Author. Born Samuel Dashiell Hammett, in St. Mary's County, Maryland, the son of Anne Bond Dashiell and Richard Hammett, Senior. His family moved to Philadelphia then Baltimore where he attended school until dropping out by age 14. After working a series of jobs, including freight clerk, railroad yardman, messenger boy, day laborer, and stevedore, he took a position with Pinkerton's National Detective Agency working as an on call operative from 1915 to 1918 when he joined the Army, and trained as an ambulance driver. He was never deployed, however, spending his service hospitalized for tuberculosis. In 1920, he left Maryland for the west coast, and reacquired a position with the Pinkertons, working part time. Within a year, he had left the agency in disgust over their strike breaking tactics. He moved to San Francisco and worked as a book reviewer and advertising copy-writer. He published his first short story, 'The Parthian Shot,' in 1922 in the magazine, 'The Smart Set.' It was followed in 1923 by 'Arson Plus' in 'The Black Mask' for which he became a regular contributor. Initially, he used the pen name Peter Collinson before settling on the profession name of Dashiell Hammett. 'The Black Mask' published 'Crooked Souls,' 'It,' 'The Second-Story Angel,' and 'Bodies Piled Up' in 1923, and 'The Tenth Clew,' which introduced the Continental Op, the following year before a tuberculosis flare up curtailed his output. Longer stories appeared in 1927, as well as a first novella, 'The Big Knockover.' His first novel, 'Red Harvest' appeared in early 1929, quickly followed by 'The Dain Curse' in 1929, and 'The Maltese Falcon' in early 1930, which made his reputation as a writer. 'The Glass Key' was published in 1931, followed by 'The Thin Man' in 1932. It would be his last novel. He then tried his hand at Hollywood script writing with an adaptation of 'The Thin Man.' He eventually was involved in writing another handful of scripts, including 'Woman in the Dark' (1934), 'The Glass Key' (1935), and 'Satan Meets a Lady' (1936), but his heavy drinking and profligate spending earned him a reputation for undependability. In 1936, his drinking led to hospitalization. He attempted to rejoin the Army in 1941 despite his recurring tuberculosis and his age. In 1942, he was accepted and assigned as the editor of a camp newspaper at Adak, Aleutian Islands. In 1946, he was elected President of the Civil Rights Congress activist group. In 1951, he was called to appear before the House of Un-American Activities Committee where he was found guilty of contempt of Congress, and sentenced to six months in prison After his release, he was blacklisted. The few attempts he made to write again were abandoned unfinished. He spent much of the rest of his life in near seclusion supported by Lillian Hellman. After his death at age 66, he was eulogized as the founder of the so called hard-boiled genre in fiction and one of the most influential writers of his time.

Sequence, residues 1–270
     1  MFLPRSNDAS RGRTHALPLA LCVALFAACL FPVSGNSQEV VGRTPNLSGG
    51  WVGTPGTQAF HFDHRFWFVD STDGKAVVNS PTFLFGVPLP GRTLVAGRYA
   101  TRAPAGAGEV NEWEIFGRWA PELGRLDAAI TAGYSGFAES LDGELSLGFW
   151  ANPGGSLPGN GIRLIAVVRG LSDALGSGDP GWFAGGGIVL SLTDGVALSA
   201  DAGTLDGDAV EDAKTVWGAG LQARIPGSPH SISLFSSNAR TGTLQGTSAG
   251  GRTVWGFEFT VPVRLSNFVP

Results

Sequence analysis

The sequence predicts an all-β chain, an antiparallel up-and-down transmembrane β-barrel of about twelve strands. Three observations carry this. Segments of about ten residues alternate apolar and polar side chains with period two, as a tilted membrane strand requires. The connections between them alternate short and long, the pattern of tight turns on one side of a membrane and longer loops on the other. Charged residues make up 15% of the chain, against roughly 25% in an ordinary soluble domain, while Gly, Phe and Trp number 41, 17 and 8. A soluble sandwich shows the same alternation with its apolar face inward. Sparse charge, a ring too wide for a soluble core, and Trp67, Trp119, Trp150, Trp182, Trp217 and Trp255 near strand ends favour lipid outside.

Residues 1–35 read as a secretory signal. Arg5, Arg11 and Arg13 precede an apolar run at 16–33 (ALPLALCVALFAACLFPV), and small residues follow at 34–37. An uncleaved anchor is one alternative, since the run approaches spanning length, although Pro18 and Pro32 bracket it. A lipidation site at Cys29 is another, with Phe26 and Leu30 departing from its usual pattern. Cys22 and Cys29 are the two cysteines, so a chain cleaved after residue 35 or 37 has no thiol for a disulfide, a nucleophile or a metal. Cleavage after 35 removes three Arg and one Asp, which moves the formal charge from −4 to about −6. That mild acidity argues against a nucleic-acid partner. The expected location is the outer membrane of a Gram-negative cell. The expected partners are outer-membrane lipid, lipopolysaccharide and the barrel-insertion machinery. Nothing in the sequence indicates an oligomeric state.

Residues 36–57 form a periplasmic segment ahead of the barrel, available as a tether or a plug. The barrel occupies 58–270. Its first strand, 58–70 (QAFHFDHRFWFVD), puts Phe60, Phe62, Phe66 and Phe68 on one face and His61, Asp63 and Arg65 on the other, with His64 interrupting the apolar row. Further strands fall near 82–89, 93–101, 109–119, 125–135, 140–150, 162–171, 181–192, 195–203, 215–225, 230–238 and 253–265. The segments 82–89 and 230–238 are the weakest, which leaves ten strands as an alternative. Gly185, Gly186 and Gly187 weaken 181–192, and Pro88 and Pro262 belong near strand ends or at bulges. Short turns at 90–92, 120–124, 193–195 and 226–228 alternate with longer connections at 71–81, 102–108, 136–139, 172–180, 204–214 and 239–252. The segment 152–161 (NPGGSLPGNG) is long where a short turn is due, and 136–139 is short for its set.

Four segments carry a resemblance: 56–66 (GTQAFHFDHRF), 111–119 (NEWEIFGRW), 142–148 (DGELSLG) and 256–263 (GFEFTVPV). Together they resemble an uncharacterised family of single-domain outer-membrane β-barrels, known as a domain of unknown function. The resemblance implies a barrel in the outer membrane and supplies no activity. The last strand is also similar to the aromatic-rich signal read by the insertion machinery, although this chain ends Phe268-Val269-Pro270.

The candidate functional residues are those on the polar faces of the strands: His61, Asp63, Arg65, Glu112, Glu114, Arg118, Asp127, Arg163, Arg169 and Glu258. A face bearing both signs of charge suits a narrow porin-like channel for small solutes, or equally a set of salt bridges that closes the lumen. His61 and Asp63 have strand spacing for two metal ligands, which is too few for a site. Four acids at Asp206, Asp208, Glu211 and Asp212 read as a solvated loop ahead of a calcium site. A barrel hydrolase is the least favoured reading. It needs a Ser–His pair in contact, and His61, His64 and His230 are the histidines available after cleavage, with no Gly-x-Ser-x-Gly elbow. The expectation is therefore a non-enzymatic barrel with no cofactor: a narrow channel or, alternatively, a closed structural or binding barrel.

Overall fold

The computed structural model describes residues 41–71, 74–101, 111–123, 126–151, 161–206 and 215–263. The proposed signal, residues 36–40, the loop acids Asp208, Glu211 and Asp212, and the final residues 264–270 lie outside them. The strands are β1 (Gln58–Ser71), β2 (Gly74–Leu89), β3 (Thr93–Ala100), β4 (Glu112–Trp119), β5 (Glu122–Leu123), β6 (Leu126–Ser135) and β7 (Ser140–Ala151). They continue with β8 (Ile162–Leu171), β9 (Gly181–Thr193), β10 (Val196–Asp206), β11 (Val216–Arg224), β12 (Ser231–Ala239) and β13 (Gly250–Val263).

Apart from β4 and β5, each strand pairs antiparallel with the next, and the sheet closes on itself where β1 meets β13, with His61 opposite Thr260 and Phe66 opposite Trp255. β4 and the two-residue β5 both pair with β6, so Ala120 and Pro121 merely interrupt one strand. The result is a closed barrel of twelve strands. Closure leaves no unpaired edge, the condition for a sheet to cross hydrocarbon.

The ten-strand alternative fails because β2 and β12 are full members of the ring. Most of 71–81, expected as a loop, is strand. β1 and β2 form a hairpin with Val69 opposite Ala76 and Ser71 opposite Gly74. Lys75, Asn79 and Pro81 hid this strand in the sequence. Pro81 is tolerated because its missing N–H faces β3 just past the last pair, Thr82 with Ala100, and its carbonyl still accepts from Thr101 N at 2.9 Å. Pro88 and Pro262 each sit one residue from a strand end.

Bio by: Iola